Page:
After eating tainted spinach last September, Lisa Brott — a dedicated fitness buff at age 50 — found herself hemorrhaging blood, CBS News correspondent Wyatt Andrews reports.
"I was very critical for several days, I was in the ICU," Brott says. She was suffering from kidney failure. Brott was in the hospital 13 days with her organs shutting down.
"E. coli is a very aggressive, dangerous bacteria," Brott says.
After E. coli in produce caused two huge outbreaks last fall, you might think the federal agency in charge of E. coli would have a prevention plan by now. You'd be wrong — and here's why.
"There's no one in charge in the federal food safety system," says Mike Taylor, a former USDA and FDA food safety official.
Worse, Taylor says most food safety money — 80 percent — goes to the USDA, which visually inspects meat in slaughterhouses, while millions of Americans actually get sick from the invisible germs in produce.
"The basic allocation has nothing to do with who's getting sick, and it's out of proportion to where the actual risks in the food supply," Taylor says.
During the past 10 years, Congress has been warned again and again that the food safety system is an organizational mess that does not fully protect consumers. But the spinach outbreak has led to new calls for reform. One idea: Create a single food agency to finally put someone in charge.
Sen. Dick Durbin, the second-ranking Democrat in the Senate, says he thinks a single food agency would have traced the last outbreak more quickly. He says under one agency, money could be focused on disease prevention.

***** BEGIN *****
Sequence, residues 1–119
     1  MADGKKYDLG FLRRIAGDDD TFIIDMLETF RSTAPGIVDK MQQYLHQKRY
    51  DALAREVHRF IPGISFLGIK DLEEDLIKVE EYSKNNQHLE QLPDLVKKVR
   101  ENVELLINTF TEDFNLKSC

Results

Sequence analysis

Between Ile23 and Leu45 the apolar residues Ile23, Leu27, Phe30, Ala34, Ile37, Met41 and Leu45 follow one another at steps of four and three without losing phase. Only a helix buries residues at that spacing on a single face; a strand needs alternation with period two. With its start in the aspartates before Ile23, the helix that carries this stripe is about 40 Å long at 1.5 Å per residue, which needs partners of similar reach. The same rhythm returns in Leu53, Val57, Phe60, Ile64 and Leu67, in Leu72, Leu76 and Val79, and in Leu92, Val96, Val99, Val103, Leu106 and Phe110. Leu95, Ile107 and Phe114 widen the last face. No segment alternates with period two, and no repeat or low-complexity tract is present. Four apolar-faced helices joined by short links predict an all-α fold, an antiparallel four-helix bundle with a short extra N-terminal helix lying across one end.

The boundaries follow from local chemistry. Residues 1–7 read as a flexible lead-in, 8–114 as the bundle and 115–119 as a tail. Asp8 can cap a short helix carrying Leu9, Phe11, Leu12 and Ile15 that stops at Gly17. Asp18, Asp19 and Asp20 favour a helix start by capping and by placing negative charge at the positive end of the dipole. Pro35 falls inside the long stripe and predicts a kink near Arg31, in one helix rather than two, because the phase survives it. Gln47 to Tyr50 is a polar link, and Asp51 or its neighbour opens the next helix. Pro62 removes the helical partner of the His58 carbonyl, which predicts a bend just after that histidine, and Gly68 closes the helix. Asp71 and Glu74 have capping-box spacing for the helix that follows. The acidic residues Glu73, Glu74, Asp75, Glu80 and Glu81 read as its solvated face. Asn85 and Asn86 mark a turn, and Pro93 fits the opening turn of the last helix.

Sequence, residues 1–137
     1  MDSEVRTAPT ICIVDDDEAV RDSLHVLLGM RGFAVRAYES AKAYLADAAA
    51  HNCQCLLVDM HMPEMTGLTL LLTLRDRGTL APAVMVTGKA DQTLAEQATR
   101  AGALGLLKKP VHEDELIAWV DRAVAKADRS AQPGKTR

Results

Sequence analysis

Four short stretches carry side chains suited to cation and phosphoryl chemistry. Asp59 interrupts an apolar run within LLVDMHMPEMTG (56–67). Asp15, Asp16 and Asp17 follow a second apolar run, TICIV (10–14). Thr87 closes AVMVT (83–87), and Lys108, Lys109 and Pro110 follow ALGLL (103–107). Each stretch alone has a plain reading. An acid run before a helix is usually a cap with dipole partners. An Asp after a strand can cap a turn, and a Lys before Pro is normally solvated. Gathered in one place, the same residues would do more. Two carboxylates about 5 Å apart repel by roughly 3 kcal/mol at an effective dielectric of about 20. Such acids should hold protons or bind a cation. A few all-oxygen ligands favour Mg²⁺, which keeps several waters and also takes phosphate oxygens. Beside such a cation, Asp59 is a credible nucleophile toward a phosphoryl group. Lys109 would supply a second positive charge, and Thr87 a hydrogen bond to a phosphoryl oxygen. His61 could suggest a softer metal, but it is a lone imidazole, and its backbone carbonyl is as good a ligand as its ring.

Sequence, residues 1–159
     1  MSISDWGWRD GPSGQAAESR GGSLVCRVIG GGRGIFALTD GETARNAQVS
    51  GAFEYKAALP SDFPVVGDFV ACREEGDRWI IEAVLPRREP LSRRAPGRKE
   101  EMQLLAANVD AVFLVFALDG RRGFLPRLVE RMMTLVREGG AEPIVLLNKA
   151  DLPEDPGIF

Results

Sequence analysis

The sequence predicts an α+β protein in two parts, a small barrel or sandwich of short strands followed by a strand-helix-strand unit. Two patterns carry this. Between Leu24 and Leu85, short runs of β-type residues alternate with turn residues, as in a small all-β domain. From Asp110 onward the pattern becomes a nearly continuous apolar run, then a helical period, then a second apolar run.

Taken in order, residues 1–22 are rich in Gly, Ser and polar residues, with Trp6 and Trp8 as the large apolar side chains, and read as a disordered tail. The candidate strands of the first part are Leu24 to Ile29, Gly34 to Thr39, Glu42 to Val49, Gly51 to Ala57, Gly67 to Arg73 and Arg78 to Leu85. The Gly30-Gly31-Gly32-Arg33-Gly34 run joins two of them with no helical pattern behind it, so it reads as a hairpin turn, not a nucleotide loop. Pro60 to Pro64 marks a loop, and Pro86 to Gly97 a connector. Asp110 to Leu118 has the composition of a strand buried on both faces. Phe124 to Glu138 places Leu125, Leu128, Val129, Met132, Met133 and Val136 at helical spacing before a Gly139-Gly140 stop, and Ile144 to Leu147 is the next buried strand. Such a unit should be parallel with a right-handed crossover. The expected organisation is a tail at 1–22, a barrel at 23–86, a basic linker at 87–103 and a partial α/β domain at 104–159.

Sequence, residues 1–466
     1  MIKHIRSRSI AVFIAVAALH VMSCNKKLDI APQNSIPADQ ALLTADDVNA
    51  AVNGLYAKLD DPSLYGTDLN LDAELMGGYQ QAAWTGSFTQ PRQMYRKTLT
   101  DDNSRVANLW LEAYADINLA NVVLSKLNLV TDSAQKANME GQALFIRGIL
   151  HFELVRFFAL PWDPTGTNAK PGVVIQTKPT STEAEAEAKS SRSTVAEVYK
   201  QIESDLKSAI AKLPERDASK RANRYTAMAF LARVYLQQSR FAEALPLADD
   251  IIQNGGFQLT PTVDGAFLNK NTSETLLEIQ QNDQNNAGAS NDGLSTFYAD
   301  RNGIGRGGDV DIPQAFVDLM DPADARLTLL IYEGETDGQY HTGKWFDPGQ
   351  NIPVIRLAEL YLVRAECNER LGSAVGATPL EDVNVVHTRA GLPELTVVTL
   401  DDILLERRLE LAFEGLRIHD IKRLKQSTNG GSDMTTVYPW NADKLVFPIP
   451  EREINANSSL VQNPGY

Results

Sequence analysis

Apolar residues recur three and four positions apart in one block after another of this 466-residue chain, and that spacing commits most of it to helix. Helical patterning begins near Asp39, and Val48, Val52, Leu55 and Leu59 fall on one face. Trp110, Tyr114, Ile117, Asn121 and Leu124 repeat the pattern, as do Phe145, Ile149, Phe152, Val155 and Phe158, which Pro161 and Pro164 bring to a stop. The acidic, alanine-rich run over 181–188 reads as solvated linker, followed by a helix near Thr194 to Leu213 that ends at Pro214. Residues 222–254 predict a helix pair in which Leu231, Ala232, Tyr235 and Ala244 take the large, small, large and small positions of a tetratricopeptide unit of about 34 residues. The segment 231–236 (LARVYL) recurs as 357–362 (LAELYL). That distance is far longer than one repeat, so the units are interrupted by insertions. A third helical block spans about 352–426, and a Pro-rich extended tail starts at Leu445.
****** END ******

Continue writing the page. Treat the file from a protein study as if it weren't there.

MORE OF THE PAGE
"When you consider 75 million Americans with food-borne illnesses each year, I do believe a better, more modern, streamlined agency would reduce those numbers. And it means that more people would survive," says Durbin, who on Wednesday will introduce a bill to bring all food safety under a single agency.
Brott calls it unacceptable that Congress has tolerated so many sick Americans.
"It's outrageous so many people are poisoned by food," Brott says. "A lot more has to be done, whatever it takes, to protect people's health."
One casualty of last fall's outbreak was consumer confidence in fresh food. Too many Americans like Brott ate their greens — and paid for it with a trip to the hospital.
The series "Safe Enough to Eat?" continues Wednesday on the CBS Evening News with a look at how farm workers are suiting up like surgeons to keep the food chain contamination-free.
The series continues Thursday on The Early Show, with a report on whether food served in school cafeterias make the grade.
Copyright 2007 CBS. All rights reserved.